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Wednesday, October 12, 2016

Happy Columbus Day--Was He a Hero?


        Should we stop honoring Christopher Columbus?   That's what some people have said.  Certain groups have called for the day to be in the future called "Indigenous People's Day."   The argument points out all of the cruel treatment, enslavement, and death brought to the peoples who already inhabited the land that Columbus "discovered."   He was certainly responsible for many tragic outcomes for those that he called "Indians", believing that he had arrived in the East Indies.

US Postage stamps: Columbian issues of 1893,
         
          When I was a child we celebrated Christopher Columbus and his great adventure to the New World.  The story was sanitized for the consumption of school children and indeed much was probably known only to history scholars.   On the whole, Columbus was revered with poems, books, and artworks.  Now in recent decades Columbus has been portrayed as a villain, an opportunistic European who took advantage of his conquered lands.  

           The way I see it is that we are dealing with history--events that cannot be changed and therefore should be accepted for what they are.   We cannot fairly judge those in the past according to the standards of our time.  The voyages of Columbus were amazing and courageous.   Christopher Columbus set the groundwork for the settling and development of the United States of America.

           I think Christopher Columbus deserves every accolade that is handed his way.   Unfortunately a trend to revise history often seems to be the rule of our time.   Revisionist history is one of the most deceptive and misguided movements coming out of the realms of academia.   Tear down the old heroes and replace them with some ambiguous ideal standard of lifestyle that was eradicated by those evil explorers,colonizers, Founding Fathers, and many others who came before us.

           Changing the players, events, and mindsets in order to create a new narrative is what it comes down to.  Sounds kind of like what our media does on a regular basis.  "History is written by the victors," is the oft heard claim.  Perhaps now we can more appropriately say that the media are the historians of our time.   This strikes me as a somewhat disturbing thought considering the questionable honesty of most media sources.   Or should I say selective honesty?

             Do you think that Christopher Columbus deserves to be honored?    Is history being tampered with too much in order to present a more politically correct view of the past?   Do you believe that media is trustworthy or does it exhibit a bias that influences many people in making important decisions like who to vote for?  

Happy Columbus Day!


  

48 comments:

  1. Yes Lee, I do think Christopher Columbus should be be remembered, he made a great impact on the world.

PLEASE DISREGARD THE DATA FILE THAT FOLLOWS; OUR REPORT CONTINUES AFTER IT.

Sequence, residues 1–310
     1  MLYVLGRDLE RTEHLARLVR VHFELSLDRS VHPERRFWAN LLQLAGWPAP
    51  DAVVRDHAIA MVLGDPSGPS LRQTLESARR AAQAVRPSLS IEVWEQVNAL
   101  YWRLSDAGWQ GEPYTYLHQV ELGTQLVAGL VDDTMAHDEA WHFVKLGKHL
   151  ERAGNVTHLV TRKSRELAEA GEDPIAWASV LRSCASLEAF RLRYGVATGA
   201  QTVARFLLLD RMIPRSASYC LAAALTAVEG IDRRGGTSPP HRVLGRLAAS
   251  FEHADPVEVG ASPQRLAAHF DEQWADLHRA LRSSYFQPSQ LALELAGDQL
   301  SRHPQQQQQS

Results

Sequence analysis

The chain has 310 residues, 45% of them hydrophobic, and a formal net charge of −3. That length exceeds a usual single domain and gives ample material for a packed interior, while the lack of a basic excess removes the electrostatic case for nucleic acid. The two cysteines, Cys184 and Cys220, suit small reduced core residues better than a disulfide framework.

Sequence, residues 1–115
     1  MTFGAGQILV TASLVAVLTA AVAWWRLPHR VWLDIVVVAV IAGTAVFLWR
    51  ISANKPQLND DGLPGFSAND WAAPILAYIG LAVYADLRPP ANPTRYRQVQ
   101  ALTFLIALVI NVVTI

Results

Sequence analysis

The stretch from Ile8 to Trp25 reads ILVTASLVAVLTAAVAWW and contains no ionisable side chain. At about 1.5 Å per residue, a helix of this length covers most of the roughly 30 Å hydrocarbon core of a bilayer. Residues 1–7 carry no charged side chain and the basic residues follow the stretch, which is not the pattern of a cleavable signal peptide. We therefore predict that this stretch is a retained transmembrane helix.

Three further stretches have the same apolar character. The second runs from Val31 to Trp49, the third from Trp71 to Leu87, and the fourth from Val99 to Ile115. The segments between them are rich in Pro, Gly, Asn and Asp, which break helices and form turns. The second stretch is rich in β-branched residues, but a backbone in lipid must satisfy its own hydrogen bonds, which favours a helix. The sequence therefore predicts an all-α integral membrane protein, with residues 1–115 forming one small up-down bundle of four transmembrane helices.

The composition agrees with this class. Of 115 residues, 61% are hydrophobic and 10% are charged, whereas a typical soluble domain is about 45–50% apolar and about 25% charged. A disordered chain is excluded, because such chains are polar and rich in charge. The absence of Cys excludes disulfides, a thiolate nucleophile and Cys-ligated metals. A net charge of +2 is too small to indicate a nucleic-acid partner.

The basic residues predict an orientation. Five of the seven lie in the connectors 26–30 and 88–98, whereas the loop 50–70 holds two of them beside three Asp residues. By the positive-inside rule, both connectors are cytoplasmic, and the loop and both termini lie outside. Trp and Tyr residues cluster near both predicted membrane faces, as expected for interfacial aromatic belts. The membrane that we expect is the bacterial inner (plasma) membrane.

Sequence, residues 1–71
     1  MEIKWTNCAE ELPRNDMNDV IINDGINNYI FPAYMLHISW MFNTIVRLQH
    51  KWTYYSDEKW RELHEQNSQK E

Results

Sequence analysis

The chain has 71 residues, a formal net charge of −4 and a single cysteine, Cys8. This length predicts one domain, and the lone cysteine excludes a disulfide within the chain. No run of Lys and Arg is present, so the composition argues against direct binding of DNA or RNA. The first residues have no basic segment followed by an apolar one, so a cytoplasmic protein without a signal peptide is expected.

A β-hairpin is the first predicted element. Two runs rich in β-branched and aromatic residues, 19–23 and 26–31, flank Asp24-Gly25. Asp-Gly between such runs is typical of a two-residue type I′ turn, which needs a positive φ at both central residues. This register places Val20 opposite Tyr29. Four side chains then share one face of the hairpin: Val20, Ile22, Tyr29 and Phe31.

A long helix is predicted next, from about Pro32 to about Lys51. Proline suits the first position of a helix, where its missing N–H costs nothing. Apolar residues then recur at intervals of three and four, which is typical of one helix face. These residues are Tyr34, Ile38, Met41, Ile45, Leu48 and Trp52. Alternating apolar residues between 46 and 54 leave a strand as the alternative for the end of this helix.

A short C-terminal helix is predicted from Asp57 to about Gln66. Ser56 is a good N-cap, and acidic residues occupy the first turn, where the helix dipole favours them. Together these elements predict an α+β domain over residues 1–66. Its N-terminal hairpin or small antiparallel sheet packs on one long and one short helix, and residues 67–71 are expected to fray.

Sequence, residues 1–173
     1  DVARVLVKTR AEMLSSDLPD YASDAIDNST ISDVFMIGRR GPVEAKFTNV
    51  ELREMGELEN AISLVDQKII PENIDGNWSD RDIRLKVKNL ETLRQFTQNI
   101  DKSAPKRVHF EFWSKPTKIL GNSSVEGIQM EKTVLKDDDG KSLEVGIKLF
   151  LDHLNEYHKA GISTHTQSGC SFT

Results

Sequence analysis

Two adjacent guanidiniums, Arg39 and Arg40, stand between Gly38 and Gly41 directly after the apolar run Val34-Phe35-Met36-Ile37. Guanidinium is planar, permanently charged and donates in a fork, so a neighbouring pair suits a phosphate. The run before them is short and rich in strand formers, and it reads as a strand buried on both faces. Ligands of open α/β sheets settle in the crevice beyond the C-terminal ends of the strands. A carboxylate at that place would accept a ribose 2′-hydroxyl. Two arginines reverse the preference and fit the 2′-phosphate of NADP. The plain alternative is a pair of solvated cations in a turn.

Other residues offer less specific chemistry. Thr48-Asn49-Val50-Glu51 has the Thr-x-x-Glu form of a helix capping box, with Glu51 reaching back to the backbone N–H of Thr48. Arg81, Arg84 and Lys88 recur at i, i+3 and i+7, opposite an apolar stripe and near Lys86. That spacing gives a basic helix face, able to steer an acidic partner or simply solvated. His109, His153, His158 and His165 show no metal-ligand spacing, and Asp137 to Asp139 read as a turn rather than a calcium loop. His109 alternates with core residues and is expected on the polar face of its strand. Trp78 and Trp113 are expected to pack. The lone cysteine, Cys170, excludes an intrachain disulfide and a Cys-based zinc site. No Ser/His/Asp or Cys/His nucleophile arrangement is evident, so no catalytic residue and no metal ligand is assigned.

Wonderful read and an interesting subject.
    Yvonne.

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    1. Yvonne, if Columbus hadn't done what he did then I'm sure someone else would have.

      Lee

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  2. Maybe honored isn't the right word. By the standards of today, much of what he did was not honorable. But by the standards of the time he lived in, he was a brave adventurer. My answer is that he should be remembered and celebrated for who he was and what he did, and all of it should be told. That he was a discoverer AND a product of the time he lived in. As are we all.


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    1. Ms Hatch, remembered? I don't know that changing the wording changes much. As I mentioned I don't think it's fair to hold people from the past to our standards (if indeed we are that much better). I don't know that we ever honored the man for who he was, but it was always in context of what he did. I think it should stay this way.

      Lee

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  3. Yeah, way too many are trying to bring life of the past to the now. Stupid. One day they'll change the moon landing because they'll find they stepped on space bugs, whoopsy.

    Pffft people are way too busy trying to change the past to not hurt anyone's little feelings instead of learning from it. Screw the stupid media too. All about ratings. If you get offended by something that happened hundreds of years ago and never directly effected you, in most cases, one needs to get a grip, preferably of something with a little electricity running through it lol

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    1. Pat, some people are convinced that the moon landing never happened. I think you hit spot on in the reference to "feelings." So many today are wrapped up in how they feel about things rather than the facts of what happened. When we change facts then we are lying.

      Lee

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  4. You bet the media does that!
    Marcy is right - remembered is a better word than honored. Finding America was one of the biggest game changers in history. That moment should be remembered. Besides, we don't know when the natives discovered it.